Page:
Statistics show the United States is quickly becoming a place where the minority is the majority. According to the U.S. Census Bureau there were more than 20 million children under 5 years old in the country in 2014, and over half of those were minorities. Children identified as white with Hispanic origin made up 22% of the 20 million children under 5 years old, while African American children came in second at 15%. With the rise of immigrants and interracial marriages, projections show more than half of the nation’s children will be part of a minority group come 2020. The minority population is expected to rise 56% by the year 2060, in comparison to a rise of 38% in 2014.
A rise in the minority population calls for greater diversity in jobs across the board, especially healthcare.
We are currently seeing a diversity shortage in healthcare, especially in nursing, with a disproportionate number of nurses identifying as caucasian. There are approximately 3 million nurses in the U.S., and under 25% of them are ethnically diverse. According to a 2016 report from the National Academy of Medicine, about 13% of advanced practice registered nurses (APRN), nurses with a post-graduate degree, are ethnic minorities.
So how do we increase the number of ethnically diverse nurses?
Having diversity in medical staff is important to providing adequate care because there may be cultural differences or language barriers to break through. Fortunately, experts anticipate that moving forward we will see an increase in the number of job openings for nurses, as demand grows with Baby Boomers reaching retirement age - the age where more medical care is necessary. The Bureau of Labor Statistics projects over 1 million job openings for registered nurses over the next 5 years.
Educational institutions are funneling time and money into attracting more minority nursing students, and there has been growth in the number of minority students enrolled. The numbers are up 32% for enrollment in Bachelor degree nursing programs, and the number of minority students in Doctorate degree nursing programs rose from 19% to 31% over the past 10 years. While this is great news, we must also look at why some minorities are still NOT getting accepted.
With the dramatic growth of nursing as a profession, some schools are struggling to keep up with the pace and are unable to accommodate all applicants. During the 2014-2015 school year, 265,000 people applied for acceptance into nursing school. Out of those 265, 000 people, only 45% were accepted.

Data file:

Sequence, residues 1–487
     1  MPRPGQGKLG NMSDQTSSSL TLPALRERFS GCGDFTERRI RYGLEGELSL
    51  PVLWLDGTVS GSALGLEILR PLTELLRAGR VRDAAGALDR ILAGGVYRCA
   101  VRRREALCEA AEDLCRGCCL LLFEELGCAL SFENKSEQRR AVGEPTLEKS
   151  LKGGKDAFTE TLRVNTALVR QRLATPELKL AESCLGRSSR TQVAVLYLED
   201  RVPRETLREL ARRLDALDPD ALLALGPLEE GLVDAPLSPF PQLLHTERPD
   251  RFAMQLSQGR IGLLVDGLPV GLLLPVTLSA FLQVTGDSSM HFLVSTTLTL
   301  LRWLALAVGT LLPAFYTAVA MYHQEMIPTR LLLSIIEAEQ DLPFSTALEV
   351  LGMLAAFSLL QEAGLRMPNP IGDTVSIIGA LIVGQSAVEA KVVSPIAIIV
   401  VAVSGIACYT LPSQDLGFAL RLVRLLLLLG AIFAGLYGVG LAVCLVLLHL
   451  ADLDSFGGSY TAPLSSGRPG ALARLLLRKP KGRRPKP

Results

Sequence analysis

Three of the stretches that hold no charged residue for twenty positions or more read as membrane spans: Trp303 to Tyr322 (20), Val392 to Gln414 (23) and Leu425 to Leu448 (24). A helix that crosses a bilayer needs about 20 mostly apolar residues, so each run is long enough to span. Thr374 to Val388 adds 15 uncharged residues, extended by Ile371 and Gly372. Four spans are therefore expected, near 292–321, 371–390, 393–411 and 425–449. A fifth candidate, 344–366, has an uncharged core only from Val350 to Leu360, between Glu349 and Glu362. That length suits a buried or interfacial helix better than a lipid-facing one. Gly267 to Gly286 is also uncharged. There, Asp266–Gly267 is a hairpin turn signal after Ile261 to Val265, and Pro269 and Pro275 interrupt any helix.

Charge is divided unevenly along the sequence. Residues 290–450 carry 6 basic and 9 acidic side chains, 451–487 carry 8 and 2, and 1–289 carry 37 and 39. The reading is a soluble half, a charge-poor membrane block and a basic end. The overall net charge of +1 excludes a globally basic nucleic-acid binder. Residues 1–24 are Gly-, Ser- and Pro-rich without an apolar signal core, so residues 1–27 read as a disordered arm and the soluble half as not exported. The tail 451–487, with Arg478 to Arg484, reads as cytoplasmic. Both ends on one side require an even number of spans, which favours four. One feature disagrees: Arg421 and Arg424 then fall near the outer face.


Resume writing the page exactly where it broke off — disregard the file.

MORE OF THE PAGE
Of course, there are many reasons why someone may not be accepted to a school, but it's not a stretch to say that many of the applicants were qualified. According to a 2015 survey of nursing schools by the AACN, the reason fewer than half of applicants were accepted was because of a lack of clinical teaching sites and qualified faculty, limited class space and budget cuts.
In terms of acceptance commitees, this lack of resources translates into school officials turning to more traditional means of new student acceptance, such as GPA. These traditional methods of acceptance may not be sensitive towards cultural or ethnic diversity, thus causing many qualified minority applicants to be rejected.
In order to obtain a larger picture of a potential applicant, many schools now take a more holistic approach to student acceptance. They take into account GPA, test scores, and life experience, instead of solely GPA and test scores.
However, many schools do deserve credit for prioritizing a goal of attracting a more diverse staff. Minority students may find it hard to relate to Caucasian faculty, simply because there are nuances to being a minority student that a different race might not identify with. Additionally, providing mentors who come from a similar ethnic or cultural background may help retain students in nursing school when met with difficult scenarios like juggling family, school, and another job.
While the medical system may have a long way to go in terms of diversity, all in all, it seems as though the healthcare system is working towards creating an environment more accessible and attractive to minority nurses.
Aptly named, Enclothed Cognition is the official Medelita blog for medical professionals interested in topics relevant to a discerning and inquisitive audience. Medelita was founded by a licensed clinician who felt strongly about the connection between focus, poise and appearance.